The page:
We have all done it. In a hurry, we race out of our neighborhood faster than we should, until the neighbor who use to be a crossing guard shoots us an unforgiving look while giving us the universal sign to slow down. It is not in this annoying, judgmental way that I am saying to you--to us all--slow down.
Rather, it is like a devoted wife who sees you are missing half of your life. She realizes that your drive to serve someone else’s vision stops you from experiencing the quieter, more substantial moments of life, so out of love she makes a suggestion. “Slow down, the kids are growing so fast, and you are missing it.” Filled with love for you, she is telling you it is okay to give up worldly things; she only wants to see you happy. She is asking you to re-evaluate your definition of success.
There are moments in life that we miss if we have no patience or if we feel they are too insignificant to matter. And we continue to careen down the road at faster speeds at our own peril and at great cost. The moments we miss are the connections that prove that there is an almighty, loving God, who wants us to be all He made us to be. But the Lord starts with small things. I was reminded again this morning about that fact.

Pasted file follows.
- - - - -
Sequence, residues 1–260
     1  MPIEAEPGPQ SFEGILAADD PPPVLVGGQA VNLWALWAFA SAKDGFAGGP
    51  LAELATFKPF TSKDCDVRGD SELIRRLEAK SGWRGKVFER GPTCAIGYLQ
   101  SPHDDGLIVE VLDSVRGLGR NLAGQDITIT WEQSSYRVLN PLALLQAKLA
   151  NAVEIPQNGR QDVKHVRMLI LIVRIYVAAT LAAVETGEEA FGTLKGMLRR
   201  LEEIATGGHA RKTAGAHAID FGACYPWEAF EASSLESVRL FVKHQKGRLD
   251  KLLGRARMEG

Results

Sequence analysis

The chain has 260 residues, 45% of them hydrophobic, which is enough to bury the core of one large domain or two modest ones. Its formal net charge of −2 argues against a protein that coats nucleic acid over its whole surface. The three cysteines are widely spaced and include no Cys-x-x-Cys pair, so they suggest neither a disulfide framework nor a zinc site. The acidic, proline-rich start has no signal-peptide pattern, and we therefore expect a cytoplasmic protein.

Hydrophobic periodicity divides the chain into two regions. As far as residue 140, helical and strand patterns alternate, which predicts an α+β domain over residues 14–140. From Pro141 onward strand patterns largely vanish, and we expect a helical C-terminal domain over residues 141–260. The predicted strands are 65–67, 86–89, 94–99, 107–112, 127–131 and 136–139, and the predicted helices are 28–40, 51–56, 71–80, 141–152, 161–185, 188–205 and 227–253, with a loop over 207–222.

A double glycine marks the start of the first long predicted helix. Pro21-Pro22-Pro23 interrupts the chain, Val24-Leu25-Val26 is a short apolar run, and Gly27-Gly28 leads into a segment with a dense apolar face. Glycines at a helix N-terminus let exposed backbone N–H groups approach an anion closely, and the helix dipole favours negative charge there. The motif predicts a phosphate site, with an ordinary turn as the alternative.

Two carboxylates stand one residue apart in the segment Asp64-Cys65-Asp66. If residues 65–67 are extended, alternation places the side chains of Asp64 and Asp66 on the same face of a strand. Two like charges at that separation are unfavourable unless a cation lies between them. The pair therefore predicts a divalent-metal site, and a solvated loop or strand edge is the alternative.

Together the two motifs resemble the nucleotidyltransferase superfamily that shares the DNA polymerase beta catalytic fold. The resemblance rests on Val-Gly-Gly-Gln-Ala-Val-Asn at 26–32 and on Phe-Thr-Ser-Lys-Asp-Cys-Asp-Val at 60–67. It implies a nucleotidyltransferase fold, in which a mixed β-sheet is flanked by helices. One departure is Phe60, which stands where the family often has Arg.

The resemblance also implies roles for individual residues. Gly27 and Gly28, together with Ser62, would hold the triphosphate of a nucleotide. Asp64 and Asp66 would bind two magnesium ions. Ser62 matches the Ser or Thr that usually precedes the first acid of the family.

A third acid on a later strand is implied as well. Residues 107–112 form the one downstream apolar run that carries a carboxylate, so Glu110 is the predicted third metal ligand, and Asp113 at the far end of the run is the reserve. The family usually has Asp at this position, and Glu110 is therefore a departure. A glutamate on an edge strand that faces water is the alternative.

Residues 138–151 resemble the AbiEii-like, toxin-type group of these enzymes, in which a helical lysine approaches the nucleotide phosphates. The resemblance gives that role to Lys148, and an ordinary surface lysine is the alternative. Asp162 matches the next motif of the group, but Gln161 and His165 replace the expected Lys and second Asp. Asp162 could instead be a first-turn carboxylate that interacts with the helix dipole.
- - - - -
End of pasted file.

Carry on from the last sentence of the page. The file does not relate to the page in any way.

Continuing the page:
I have visited Longwood Health and Rehabilitation for the past year and half. For almost that entire time, I have encountered a woman who, sitting in silence, just stares out into space. I was visiting her roommate when I first met her. I would speak to her, but nothing seemed to register.
Knowing that she could not acknowledge my remarks, I began praying for her, asking God to let her know that she was loved and asking that those of us who served her would do so with dignity and respect. At times, I felt I might see a flicker of response or acknowledgement but not enough to be sure that I had not imagined it. Not until this morning, that is.
As I entered the activity room, she was seated on the edge of the room with many other patients. I moved from person to person, speaking with them, showing pictures and simply sharing life. I noticed she seemed more alert today. In the past, I might touch her arm as I prayed but she always remained still. Rarely, if ever, did she make any real movement, but this morning was different. As I began to pray for her, she grabbed my hand. She grabbed it and would not let go. Her eyes followed me. She engaged like never before. She did not speak, she did not get up and walk. She squeezed my hand. Like a patient previously comatose, she made the smallest, yet hugest gesture.
Was today successful? I guess it depends on your perception, but I would have to say most definitely, YES!